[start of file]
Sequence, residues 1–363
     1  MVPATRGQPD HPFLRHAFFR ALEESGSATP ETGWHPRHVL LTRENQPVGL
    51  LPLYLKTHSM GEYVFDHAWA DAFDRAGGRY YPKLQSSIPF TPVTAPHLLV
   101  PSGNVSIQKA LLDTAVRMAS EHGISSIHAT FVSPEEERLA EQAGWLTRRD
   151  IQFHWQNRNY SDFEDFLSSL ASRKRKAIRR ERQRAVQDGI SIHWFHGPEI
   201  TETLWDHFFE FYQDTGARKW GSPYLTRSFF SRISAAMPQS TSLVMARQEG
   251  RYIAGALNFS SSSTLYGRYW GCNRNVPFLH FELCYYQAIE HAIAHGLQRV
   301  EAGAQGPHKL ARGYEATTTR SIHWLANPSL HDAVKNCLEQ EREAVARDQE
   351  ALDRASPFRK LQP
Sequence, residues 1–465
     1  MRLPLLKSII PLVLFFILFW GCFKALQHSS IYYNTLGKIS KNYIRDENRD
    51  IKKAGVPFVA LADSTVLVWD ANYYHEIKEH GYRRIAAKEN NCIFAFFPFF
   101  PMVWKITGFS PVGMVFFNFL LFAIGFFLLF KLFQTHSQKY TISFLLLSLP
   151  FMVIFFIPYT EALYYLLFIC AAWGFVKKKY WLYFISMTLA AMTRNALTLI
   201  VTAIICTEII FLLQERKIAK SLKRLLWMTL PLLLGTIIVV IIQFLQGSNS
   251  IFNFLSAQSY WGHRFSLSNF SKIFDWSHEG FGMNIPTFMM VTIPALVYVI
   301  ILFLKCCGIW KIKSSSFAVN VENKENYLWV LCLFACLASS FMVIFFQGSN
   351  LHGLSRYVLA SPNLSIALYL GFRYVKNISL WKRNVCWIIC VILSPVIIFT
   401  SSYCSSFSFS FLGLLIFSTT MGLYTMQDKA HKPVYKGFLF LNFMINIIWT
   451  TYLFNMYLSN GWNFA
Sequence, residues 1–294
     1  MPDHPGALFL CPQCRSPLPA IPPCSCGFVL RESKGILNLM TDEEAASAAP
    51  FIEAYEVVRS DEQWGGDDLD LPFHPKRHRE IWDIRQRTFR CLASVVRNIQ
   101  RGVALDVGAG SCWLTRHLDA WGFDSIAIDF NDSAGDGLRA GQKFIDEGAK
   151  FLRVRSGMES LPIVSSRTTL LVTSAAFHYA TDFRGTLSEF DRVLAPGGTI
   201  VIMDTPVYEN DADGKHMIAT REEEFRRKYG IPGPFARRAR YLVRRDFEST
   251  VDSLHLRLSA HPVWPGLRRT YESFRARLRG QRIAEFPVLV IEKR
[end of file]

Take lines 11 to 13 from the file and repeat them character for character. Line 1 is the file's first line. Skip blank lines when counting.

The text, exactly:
     1  MRLPLLKSII PLVLFFILFW GCFKALQHSS IYYNTLGKIS KNYIRDENRD
    51  IKKAGVPFVA LADSTVLVWD ANYYHEIKEH GYRRIAAKEN NCIFAFFPFF
   101  PMVWKITGFS PVGMVFFNFL LFAIGFFLLF KLFQTHSQKY TISFLLLSLP